Federal, State, and local agencies to assist in such 
                mitigation.
            (3) Termination of office.--The office established under 
        paragraph (1) shall terminate 2 years after the completion of 
        the last Space Shuttle flight.
            (4) Submission.--Not <<NOTE: Deadline. Records.>> later than 
        180 days after the date of enactment of this Act, NASA shall 
        provide a copy of the plan required by paragraph (1) to the 
        Congress.

SEC. 614. AEROSPACE SKILLS RETENTION AND INVESTMENT REUTILIZATION 
            REPORT.

    (a) In General.--The Administrator shall, in consultation with other 
Federal agencies, as appropriate--
            (1) carry out an analysis of the facilities and human 
        capital resources that will become available as a result of the 
        retirement of the Space Shuttle program; and
            (2) identify on-going or future Federal programs and 
        projects that could use such facilities and resources.

    (b) Report.--Not later than 180 days after the date of enactment of 
this Act, the Administrator shall submit to the Committee on Science and 
Technology of the House of Representatives and the Committee on 
Commerce, Science, and Transportation of the Senate a report--
            (1) on the analysis required by paragraph (1) of subsection 
        (a), including the findings of the Administrator with respect to 
        such analysis; and
            (2) describing the programs and projects identified under 
        paragraph (2) of such subsection.

SEC. 615. TEMPORARY CONTINUATION OF COVERAGE OF HEALTH BENEFITS.

    (a) In General.--Section 8905a(d) of title 5, United States Code, is 
amended by adding at the end the following new paragraph:
            ``(6)(A) If the basis for continued coverage under this 
        section is, as a result of the termination of the Space Shuttle 
        Program, an involuntary separation from a position due to a 
        reduction-in-force or declination of a directed reassignment or 
        transfer of function, or a voluntary separation from a surplus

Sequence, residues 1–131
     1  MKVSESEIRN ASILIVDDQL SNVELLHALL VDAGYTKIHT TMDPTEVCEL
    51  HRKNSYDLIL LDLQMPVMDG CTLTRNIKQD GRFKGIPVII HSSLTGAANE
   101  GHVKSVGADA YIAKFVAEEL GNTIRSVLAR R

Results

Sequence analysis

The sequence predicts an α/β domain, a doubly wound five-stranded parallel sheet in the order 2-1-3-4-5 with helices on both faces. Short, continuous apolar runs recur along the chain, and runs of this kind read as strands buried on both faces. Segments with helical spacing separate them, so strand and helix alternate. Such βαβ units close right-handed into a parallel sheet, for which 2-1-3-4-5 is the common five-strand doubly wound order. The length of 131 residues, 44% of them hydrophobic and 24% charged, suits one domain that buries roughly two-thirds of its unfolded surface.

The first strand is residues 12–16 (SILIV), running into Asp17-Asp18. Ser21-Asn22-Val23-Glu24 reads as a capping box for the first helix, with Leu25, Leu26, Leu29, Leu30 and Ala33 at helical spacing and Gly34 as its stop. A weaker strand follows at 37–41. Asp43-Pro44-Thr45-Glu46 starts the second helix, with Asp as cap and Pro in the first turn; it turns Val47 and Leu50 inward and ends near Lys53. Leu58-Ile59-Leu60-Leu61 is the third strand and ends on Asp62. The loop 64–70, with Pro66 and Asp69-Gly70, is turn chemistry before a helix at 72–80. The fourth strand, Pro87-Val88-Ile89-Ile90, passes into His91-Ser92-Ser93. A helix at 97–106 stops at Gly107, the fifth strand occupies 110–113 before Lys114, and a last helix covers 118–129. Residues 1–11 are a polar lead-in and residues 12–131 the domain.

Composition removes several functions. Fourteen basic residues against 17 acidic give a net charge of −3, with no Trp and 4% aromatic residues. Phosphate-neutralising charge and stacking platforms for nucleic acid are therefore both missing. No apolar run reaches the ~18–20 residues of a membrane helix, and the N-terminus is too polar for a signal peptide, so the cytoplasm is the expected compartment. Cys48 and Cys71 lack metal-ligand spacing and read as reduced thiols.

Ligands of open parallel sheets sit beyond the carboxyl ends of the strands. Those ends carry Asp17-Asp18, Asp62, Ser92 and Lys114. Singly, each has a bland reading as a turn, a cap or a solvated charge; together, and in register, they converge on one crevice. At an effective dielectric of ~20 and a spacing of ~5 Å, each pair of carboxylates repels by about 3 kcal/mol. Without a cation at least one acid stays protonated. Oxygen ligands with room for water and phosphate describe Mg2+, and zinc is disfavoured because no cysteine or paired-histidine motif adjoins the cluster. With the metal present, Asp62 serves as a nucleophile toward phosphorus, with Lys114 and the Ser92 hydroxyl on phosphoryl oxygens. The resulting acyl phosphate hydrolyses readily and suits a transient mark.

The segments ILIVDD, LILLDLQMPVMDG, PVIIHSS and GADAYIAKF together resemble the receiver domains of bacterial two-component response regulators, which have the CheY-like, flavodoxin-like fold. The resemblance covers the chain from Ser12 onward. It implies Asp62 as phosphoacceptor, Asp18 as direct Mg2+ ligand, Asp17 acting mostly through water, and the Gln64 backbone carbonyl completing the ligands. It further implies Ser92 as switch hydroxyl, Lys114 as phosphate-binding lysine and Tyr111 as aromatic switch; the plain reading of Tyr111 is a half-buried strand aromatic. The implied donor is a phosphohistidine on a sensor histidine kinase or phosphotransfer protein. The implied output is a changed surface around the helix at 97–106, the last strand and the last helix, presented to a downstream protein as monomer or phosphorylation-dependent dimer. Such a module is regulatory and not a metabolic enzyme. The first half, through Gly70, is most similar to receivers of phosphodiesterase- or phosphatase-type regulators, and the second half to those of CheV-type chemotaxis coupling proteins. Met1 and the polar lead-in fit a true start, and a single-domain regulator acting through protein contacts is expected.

position in the National Aeronautics and Space Administration--
                    ``(i) the individual shall be liable for not more 
                than the employee contributions referred to in paragraph 
                (1)(A)(i); and
                    ``(ii) the <<NOTE: Payments.>> National Aeronautics 
                and Space Administration shall pay the remaining portion 
                of the amount required under paragraph (1)(A).
            ``(B) This <<NOTE: Applicability.>> paragraph shall only 
        apply with respect to individuals whose continued coverage is 
        based on a separation occurring on or after the date of 
        enactment of this paragraph and before December 31, 2010.

[[Page 122 STAT. 4801]]

            ``(C) For purposes of this paragraph, `surplus position' 
        means a position which is--
                    ``(i) identified in pre-reduction-in-force planning 
                as no longer required, and which is expected to be 
                eliminated under formal reduction-in-force procedures as 
                a result of the termination of the Space Shuttle 
                Program; or
                    ``(ii) encumbered by an employee who has received 
                official certification from the National Aeronautics and 
                Space Administration consistent with the 
                Administration's career transition assistance program 
                regulations that the position is being abolished as a 
                result of the termination of the Space Shuttle 
                Program.''.

    (b) Conforming Amendment.--Paragraph (1)(A) of such subsection (d) 
is amended by striking ``(4) and (5)'' and inserting ``(4), (5), and 
(6)''.

SEC. 616. ACCOUNTING REPORT.

    Within 180 days after the date of enactment of this Act, the 
Administrator shall provide to the Committee on Science and Technology 
of the House of Representatives and the Committee on Commerce, Science, 
and Transportation of the Senate a report that will summarize any 
actions taken or planned to be taken during fiscal years 2008 and 2009 
to begin reductions in expenditures and activities related to the Space 
Shuttle program. The report shall include a summary of any actual or 
anticipated cost savings to the Space Shuttle program relative to the FY 
2008 and FY 2009 Space Shuttle program budgets and runout projections as 
a result of such actions, as well as a summary of any actual or 
anticipated liens or budgetary challenges to the Space Shuttle program 
during fiscal years 2008 and 2009.

                       Subtitle C--Launch Services

SEC. 621. <<NOTE: 42 USC 17771.>> LAUNCH SERVICES STRATEGY.

    (a) In General.--In preparation for the award of contracts to follow 
up on the current NASA Launch Services (NLS) contracts, the 
Administrator shall develop a strategy for providing domestic commercial 
launch services in support of NASA's small and medium-sized Science, 
Space Operations, and Exploration missions, consistent with current law 
and policy.
    (b) Report.--The Administrator shall transmit a report to the 
Committee on Science and Technology of the House of Representatives and 
the Committee on Commerce, Science, and Transportation of the Senate 
describing the strategy developed under subsection (a) not later than 90